Supermarket cold cases and wall refrigerators use about half the electricity load of a typical supermarket, making them big energy-saving targets for businesses operating on razor-thin margins.
Axiom Exergy says it has a simple way to slash those costs -- and keep refrigerated food from spoiling during a power outage in the bargain. Simply chill liquid in tanks at night, when grid power prices are low, and use that stored cool to take a load off the compressors and condensers that keep fridges running during hot afternoons when electricity prices are at their peak.
This week, the Berkeley, Calif.-based startup announced that its "Refrigeration Battery” is now ready to roll out to trial customers, in advance of a Series A round planned for later this year to scale up commercial production. So far it has raised seed funding of less than $1 million, and will be installing its first field unit at an unnamed Bay Area supermarket this summer, co-founder and president Amrit Robbins told me in an interview this week.
“We store refrigeration during off-peak hours to turn those big, dumb refrigeration systems into smart, cloud-connected energy storage assets at a really low cost, because the customer already owns half of it,” he said. Combining the off-peak to on-peak energy savings, the ability to avoid food spoilage during blackouts, and state-by-state energy efficiency and on-site generation incentives should allow the system to achieve a two- to four-year payback on investment, he added.
Axiom Exergy’s approach is similar to the way that thermal energy storage systems from Ice Energy, Calmac and other companies freeze liquid at night to augment the operation of rooftop air conditioners during the day. That technology has been in place for decades as large-scale district heating and cooling systems, and is starting to propagate across rooftops as a way for buildings and utilities to shift energy consumption during hot peak-power afternoons.
But to Robbins’ knowledge, this is the first attempt to target supermarket refrigeration with the concept. Axiom Exergy won a first-place prize at February’s startup pitching session at the Department of Energy’s ARPA-E program annual summit in February, indicating that the venture capitalists judging the session agree with that assessment.
Robbins got the idea for Axiom Exergy (“exergy” is the maximum possible useful work achievable by a system working at thermal equilibrium, by the way) as a co-lead for supermarket energy retrofit projects with big energy services provider Clark Energy Group. In that position, he spent several years working with big grocery chains, and “one thing that struck me is that half the energy in the supermarket is going to refrigeration systems. They’re these huge, monolithic energy sucks -- you can’t control them; they just run whenever the food is warm.”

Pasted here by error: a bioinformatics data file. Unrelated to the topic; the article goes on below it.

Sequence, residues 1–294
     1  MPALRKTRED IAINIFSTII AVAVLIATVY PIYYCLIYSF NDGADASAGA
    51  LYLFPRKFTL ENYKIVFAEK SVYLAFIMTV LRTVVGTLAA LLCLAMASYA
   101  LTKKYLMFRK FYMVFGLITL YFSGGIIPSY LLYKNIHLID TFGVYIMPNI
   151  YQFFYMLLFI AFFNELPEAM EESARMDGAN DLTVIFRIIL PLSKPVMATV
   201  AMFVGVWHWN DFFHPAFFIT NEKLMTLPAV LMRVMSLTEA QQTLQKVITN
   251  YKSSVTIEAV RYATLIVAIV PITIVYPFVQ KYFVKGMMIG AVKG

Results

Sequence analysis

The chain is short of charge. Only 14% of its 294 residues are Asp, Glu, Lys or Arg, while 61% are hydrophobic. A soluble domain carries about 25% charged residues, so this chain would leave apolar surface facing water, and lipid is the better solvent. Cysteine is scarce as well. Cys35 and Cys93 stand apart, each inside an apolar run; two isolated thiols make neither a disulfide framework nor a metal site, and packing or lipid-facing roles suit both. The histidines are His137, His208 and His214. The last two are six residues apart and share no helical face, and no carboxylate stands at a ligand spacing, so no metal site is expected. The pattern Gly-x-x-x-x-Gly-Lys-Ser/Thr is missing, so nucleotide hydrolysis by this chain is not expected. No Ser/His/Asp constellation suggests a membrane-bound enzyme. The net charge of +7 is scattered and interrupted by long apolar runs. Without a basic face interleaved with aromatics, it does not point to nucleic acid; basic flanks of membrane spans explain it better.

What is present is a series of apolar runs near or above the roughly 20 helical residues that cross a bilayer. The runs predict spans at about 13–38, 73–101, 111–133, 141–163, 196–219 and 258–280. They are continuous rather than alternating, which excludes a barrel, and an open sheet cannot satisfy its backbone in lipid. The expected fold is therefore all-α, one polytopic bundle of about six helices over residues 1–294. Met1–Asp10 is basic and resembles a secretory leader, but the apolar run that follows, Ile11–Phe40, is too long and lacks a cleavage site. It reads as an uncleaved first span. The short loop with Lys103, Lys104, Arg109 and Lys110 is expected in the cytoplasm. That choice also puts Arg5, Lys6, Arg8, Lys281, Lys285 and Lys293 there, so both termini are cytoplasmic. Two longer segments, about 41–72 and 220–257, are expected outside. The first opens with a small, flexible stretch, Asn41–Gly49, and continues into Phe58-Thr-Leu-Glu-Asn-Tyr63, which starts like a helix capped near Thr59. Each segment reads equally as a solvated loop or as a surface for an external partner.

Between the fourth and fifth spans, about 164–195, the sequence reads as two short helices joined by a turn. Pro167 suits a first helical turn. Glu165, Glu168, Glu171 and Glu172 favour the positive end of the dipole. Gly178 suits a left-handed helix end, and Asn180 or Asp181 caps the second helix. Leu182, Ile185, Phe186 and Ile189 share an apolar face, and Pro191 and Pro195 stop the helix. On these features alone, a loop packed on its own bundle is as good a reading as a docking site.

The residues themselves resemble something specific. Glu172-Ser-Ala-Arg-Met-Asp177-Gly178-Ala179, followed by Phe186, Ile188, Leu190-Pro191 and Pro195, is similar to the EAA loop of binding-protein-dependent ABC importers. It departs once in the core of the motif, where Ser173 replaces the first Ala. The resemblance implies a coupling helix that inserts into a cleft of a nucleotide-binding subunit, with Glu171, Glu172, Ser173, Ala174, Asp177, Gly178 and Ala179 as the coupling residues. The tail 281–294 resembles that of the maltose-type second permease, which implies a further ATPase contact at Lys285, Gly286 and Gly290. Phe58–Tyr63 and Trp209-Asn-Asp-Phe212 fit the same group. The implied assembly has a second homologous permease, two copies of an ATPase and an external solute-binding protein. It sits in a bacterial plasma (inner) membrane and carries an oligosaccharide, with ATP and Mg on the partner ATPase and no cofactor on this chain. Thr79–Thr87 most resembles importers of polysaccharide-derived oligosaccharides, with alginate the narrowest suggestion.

And unlike deep-freeze units that can store energy by freezing food at colder temperatures, then allow them to drift slowly hotter during the day, refrigerators need to stay at a steady temperature at all times -- “you can’t freeze the lettuce,” as Robbins put it. That more or less forces supermarkets to keep the refrigerators running through times of day when commercial customers’ electricity prices can reach peaks as much as five times as high as off-peak, overnight prices.
Utility bills are part of a very small set of controllable costs for supermarkets, which run on margins that hover in the range of 1 percent to 2 percent. That means that saving about $20,000 on annual energy costs could equal selling an extra $1.4 million in groceries, he noted.
As for backup power, most grocery stores have diesel generators to keep their point-of-sale systems and emergency lighting on during a blackout, but “it’s nowhere big enough to run refrigeration,” he said. Preventing the food spoilage costs during blackouts could theoretically pay for the price of Axiom’s retrofit in a single go, he noted -- and at a price much lower than grid-scale backup batteries.
Axiom’s system also doesn’t alter the ongoing operations of a supermarket's compression and expansion-based refrigeration equipment, he added. That’s an important feature for supermarket chains that don’t want to do anything that might mess with their equipment warranties, or potentially expose their systems to failure if the retrofit equipment doesn’t work as promised.
“We take warm gas coming off the cases, put it through our process instead, and send back pressurized liquid,” he said. “We’re using the exact same piping, the same infrastructure. We simply enable the compressors and condensers to shut off during those peak hours.”
Axiom’s cloud-connected management platform will keep an eye on installed systems to catch breakdowns and inform supermarket maintenance crews, he said. That could also serve as the aggregation point to put these systems to use for broader utility demand response or load-shifting purposes, he noted. Supermarkets are one of the customer classes targeted by demand response providers like EnerNOC and energy services companies like Verisae and GridPoint, but largely for reducing lighting or air conditioning energy use.
Axiom has built a lab-scale unit that’s working right now, and has partnered with DOE’s National Renewable Energy Laboratory to vet its technology models and performance data, Robbins said. Its use of off-the-shelf components that have already been proven over decades of use across the world helps to lower technology risk, he noted.
The startup is also working on protecting its intellectual property, he said, and has hired Thomson Reuters to provide patentability reports on the startup’s key concepts. With a target market of 11 states with the incentive structures to allow quick payback, and a relatively simple idea that could serve what Axiom estimates as a $8.8 billion market, it’s likely that other companies may be eyeing similar concepts.